Deutsch Lieber auf Deutsch? Hier lang.

Today I learned a cool new trick, made possible by the Item Preprocessing that is available since Zabbix 3.4. This is not a Zabbix blog, but I consider this so useful and so not-intuitive that I just have to write it down.

For the occasional visitor: Zabbix is an open source enterprise class monitoring solution. I use it not only at work, but also at home — not only to monitor the meat on my BBQ. :-)

In my opinion, Zabbix is really great when it comes to anything that can be expressed in numerics. It can also handle string data, but having had minor problems with that I try to avoid strings whenever it is possible. States can be expressed numerically and stored in integer values, using value mapping it is possible to show the states in a meaningful way.

Today I came across a problem that I wasn’t able to implement at first. A web service told me the state of an application, which could be either RUNNING, STOPPING or STOPPED. It’s easy to create a string-item to handle this, and to implement a trigger that notifies if the service is STOPPED. However, in this case I had to create a trigger that tells if the service is in the state STOPPING for more than a certain time, indicating that it might have a problem shutting down. I couldn’t find a solution to this, since the trigger function str("STOPPING",15m) would trigger if at least one of the values during the last 15 minutes was “STOPPING”.

Item Preprocessing to the rescue!

Three steps

Three steps

Zabbix 3.4 brought a feature called Item Preprocessing. A value can be fetched, and before it gets stored it can be dissected or converted in several ways. One of these is, to apply regular expressions to the fetched value, in a “find and replace” kind of way.

It turned out that I needed a fairly complex expression, but in the end I was able to convert the states from the webservice to simple integers. Searching the web, i found something about “conditional replacement”, and using this great online regex tester I was able to come up with this beauty:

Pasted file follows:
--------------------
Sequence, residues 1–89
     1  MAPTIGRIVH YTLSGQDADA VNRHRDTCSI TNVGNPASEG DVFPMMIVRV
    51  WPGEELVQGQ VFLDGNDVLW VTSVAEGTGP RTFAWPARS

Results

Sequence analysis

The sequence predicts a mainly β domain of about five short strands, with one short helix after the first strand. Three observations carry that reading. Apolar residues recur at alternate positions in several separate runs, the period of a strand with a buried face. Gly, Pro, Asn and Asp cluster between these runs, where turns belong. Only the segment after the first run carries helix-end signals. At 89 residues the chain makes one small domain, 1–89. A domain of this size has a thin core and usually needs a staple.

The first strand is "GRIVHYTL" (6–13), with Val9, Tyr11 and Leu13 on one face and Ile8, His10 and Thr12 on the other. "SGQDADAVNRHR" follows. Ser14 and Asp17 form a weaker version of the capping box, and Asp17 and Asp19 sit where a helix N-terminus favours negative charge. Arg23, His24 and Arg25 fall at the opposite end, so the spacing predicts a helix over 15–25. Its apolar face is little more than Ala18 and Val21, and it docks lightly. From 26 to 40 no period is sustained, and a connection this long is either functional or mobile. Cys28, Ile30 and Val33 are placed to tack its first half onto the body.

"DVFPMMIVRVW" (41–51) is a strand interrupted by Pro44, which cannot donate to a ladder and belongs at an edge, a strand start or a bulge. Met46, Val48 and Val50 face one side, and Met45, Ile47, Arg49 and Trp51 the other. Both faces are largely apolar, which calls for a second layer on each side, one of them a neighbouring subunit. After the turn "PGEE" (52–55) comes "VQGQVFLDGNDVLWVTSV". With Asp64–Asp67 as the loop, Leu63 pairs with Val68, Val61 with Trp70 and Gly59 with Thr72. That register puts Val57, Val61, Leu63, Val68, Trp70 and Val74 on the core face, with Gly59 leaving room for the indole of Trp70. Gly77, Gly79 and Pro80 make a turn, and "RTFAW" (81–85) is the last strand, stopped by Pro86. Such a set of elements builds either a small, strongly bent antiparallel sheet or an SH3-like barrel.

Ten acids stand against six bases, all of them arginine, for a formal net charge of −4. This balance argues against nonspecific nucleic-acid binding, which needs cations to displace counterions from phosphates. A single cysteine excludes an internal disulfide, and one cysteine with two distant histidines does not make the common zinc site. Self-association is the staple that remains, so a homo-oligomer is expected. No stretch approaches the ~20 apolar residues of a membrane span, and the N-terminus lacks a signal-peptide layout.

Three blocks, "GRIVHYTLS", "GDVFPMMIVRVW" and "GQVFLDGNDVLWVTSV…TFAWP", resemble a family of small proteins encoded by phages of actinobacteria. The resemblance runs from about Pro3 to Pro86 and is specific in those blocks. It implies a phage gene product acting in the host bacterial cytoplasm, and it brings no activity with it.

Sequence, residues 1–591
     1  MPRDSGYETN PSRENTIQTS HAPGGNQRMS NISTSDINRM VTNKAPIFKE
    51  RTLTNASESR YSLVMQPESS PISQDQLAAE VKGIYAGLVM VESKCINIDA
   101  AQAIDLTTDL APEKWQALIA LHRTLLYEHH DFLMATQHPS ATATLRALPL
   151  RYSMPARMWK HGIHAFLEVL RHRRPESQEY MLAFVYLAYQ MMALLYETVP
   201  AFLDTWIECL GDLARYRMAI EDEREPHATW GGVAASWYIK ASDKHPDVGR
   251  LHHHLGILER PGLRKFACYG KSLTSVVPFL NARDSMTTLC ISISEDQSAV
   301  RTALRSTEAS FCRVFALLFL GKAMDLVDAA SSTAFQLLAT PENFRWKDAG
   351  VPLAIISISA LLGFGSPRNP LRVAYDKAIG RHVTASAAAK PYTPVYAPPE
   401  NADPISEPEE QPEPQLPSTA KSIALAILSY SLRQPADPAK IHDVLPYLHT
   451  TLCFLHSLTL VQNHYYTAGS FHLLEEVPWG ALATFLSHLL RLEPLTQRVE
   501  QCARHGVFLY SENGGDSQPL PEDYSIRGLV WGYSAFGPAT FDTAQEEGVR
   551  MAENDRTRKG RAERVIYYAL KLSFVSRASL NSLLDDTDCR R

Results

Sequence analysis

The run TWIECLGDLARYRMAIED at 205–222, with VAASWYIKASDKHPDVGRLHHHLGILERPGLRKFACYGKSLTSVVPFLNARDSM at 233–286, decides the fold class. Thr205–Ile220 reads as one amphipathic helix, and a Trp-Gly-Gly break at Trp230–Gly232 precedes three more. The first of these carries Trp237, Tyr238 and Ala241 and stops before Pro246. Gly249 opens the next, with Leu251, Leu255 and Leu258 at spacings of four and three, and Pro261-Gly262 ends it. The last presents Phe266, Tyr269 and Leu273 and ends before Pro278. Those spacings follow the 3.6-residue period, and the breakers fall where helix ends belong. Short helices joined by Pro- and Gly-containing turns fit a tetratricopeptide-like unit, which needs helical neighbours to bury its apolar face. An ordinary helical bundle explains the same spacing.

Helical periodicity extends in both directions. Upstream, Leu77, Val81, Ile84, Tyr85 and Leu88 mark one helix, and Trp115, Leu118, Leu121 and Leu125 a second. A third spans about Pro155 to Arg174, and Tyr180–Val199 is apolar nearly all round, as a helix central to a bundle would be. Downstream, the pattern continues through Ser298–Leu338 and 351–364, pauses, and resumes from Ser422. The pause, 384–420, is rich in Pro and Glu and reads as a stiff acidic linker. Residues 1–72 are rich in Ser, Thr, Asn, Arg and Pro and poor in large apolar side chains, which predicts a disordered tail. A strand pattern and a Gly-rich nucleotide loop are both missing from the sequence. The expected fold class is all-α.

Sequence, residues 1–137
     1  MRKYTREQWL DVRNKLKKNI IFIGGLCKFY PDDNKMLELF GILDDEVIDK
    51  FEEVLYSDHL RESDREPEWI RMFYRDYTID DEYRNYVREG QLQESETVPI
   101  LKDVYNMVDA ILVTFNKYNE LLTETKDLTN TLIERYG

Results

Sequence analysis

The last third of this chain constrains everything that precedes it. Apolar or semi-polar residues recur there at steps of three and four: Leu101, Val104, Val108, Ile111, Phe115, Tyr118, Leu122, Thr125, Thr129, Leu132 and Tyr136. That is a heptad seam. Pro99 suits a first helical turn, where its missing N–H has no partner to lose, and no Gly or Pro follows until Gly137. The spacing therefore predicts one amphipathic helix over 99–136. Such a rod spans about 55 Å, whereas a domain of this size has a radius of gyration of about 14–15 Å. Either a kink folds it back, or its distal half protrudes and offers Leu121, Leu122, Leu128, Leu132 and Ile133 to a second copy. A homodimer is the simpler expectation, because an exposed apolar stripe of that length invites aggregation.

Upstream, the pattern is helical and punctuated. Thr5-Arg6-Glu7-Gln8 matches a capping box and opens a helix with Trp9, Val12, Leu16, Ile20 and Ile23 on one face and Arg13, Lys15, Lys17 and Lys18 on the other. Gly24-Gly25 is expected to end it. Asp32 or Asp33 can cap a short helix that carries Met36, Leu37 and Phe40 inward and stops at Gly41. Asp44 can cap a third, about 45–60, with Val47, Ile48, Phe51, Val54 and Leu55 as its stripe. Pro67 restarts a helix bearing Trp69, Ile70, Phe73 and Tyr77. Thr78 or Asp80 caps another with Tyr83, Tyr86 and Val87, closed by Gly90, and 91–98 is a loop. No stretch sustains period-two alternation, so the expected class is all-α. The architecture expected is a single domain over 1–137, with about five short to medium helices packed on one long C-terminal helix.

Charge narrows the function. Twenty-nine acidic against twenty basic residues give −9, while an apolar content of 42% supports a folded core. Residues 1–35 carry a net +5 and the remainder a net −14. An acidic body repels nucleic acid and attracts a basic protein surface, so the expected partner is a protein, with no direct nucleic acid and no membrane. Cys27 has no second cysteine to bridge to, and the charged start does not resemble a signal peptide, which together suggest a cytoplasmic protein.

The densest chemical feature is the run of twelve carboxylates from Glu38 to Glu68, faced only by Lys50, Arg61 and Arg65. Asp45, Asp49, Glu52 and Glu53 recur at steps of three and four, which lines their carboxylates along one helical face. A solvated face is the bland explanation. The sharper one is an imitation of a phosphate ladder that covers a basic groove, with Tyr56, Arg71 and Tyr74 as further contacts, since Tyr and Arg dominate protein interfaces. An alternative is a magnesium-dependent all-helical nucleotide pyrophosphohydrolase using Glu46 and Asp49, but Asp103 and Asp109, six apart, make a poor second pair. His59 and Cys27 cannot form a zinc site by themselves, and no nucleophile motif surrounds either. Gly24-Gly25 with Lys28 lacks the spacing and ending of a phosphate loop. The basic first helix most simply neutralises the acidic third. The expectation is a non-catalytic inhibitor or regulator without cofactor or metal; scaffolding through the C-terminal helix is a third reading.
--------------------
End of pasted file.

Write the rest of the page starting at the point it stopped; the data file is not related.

Using this, I can convert the string that is extracted from the web service’s output using a JSON path in two further steps:

  • First, attach a “dictionary” to the value: replace the full value (.*) with with itself, followed by the replacement values: \1:STOPPED=0:STOPPING=1:RUNNING=2.
  • Then, replace the regex (STOPPED|STOPPING|RUNNING)(?=.*:\1=(\d)) by the value of the second capturing group \2.

In this way the item can be configured as an unsigned integer, since there are only the numbers 0, 1 or 2 that have to be stored. And I can apply the usual trigger-function-magic to notify if the value is 1 for a certain length of time. Added benefit: I can use the graph view of this item to see if there were any deviations from the wanted “RUNNING” state, when they occured and how long they lasted.

Better ideas?

I’m pretty enthusiastic about this way of processing the values. But I’m also very interested in opinions: is there a better way to deal with this problem? Something obvious that I haven’t seen?